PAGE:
• 3-minute read
  • 22nd May 2018

Paraphrasing in an Essay

Quoting sources in an essay is a bit like cutting your toenails: useful to do now and then, but you can definitely go too far. However, rather than leading to sore toes, excessive quoting can mean you lose marks on your work (which is arguably far worse). This is why paraphrasing is a crucial skill.

Paraphrase or Quote?

Paraphrasing and quoting are two ways of referring to someone else’s ideas in your writing. When we quote someone, we use their exact words and place them within quotation marks.

When we paraphrase something, on the other hand, we try to express the same idea in our own words. This offers a few advantages over quoting:

  • It lets you demonstrate your understanding of the source.
  • You can explain a complex idea in simple terms.
  • You can focus on the parts of the source most relevant to your work.

As such, paraphrasing is usually a better choice than quoting a source at length. The only times you ever truly need to quote a source are when:

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  • Your argument depends on the wording of something (e.g. if your interpretation of a text depends on the exact words used).
  • The original text expresses something in an especially useful way.

This is not to say that you can’t quote sources in other situations, but most of the document should be your own words. Whether you quote or paraphrase, though, you still need to give a citation.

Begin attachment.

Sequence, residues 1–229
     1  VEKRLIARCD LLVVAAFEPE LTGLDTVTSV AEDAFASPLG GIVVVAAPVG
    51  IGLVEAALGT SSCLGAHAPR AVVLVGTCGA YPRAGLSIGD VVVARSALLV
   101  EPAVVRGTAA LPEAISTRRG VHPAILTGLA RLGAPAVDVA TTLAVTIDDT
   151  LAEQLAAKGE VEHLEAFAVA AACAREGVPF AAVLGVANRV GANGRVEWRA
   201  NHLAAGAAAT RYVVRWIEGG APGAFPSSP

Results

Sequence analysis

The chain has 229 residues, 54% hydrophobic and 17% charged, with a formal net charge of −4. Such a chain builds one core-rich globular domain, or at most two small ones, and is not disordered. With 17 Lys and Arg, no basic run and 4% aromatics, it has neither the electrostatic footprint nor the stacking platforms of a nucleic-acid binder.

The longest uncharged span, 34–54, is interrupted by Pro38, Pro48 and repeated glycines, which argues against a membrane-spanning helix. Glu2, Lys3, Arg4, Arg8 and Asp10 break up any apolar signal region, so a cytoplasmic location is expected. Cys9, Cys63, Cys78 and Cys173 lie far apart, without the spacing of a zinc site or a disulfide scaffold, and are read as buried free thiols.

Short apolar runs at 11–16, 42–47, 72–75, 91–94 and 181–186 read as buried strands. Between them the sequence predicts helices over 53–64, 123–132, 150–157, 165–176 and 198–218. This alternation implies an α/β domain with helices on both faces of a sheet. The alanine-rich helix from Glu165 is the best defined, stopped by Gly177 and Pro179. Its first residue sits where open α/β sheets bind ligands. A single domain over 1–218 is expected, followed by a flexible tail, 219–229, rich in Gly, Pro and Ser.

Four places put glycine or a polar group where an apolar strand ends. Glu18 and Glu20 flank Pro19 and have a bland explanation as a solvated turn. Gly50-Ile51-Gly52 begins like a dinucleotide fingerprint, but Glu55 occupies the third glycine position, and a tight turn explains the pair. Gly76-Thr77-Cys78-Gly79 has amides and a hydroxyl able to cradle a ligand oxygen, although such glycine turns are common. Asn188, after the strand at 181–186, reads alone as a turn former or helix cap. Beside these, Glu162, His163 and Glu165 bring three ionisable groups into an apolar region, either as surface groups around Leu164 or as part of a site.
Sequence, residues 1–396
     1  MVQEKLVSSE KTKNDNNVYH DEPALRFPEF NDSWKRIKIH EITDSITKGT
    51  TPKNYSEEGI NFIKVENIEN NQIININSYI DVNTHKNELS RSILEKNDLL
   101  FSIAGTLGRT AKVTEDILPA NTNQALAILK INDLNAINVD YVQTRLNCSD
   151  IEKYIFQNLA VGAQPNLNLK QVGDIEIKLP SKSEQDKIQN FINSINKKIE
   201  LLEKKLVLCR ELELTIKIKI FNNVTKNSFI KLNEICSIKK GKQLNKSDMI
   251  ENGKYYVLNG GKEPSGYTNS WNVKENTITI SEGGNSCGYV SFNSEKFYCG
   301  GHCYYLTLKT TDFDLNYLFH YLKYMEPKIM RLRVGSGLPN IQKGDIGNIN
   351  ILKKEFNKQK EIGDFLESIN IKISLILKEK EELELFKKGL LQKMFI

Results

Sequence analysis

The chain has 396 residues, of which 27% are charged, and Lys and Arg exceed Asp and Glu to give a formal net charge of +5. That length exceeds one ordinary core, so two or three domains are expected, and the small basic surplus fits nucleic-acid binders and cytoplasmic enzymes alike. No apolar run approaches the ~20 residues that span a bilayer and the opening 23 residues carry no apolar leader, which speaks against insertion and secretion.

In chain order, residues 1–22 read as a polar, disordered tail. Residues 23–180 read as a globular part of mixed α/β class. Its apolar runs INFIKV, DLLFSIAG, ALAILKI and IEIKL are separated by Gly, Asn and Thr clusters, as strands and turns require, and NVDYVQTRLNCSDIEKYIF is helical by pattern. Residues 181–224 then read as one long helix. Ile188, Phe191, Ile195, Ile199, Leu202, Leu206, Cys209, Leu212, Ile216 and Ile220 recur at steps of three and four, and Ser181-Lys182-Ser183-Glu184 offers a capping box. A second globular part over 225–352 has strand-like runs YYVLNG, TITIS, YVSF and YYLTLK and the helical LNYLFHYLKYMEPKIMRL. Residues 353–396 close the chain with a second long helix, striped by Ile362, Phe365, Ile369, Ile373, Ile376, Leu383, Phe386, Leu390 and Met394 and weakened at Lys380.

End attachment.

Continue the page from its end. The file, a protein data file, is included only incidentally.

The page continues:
5 Paraphrasing Tips

Hopefully, you’re now keen to start paraphrasing sources. But how should you do this? Check out the five tips below for some handy advice!

  1. Read the original source a few times to make sure you fully understand it.
  2. Choose whether to paraphrase the source in full (i.e. presenting all the information from the original passage in your own words) or summarise it (i.e. selecting the details most relevant to your own work).
  3. Think about how you would explain the passage to a friend who does not understand your subject area (you could even try this in real life).
  4. Write your paraphrased version of the passage, then compare it to the original to make sure you haven’t missed anything.
  5. If you use any exact phrases from the original text, put these in quotation marks and add the relevant page numbers to the citation.

Keep all of this in mind and you should be paraphrasing like a pro in no time!

Comments (1)
Moraifa M. Mangadad
9th July 2019 at 21:17
I think it is a legit information.

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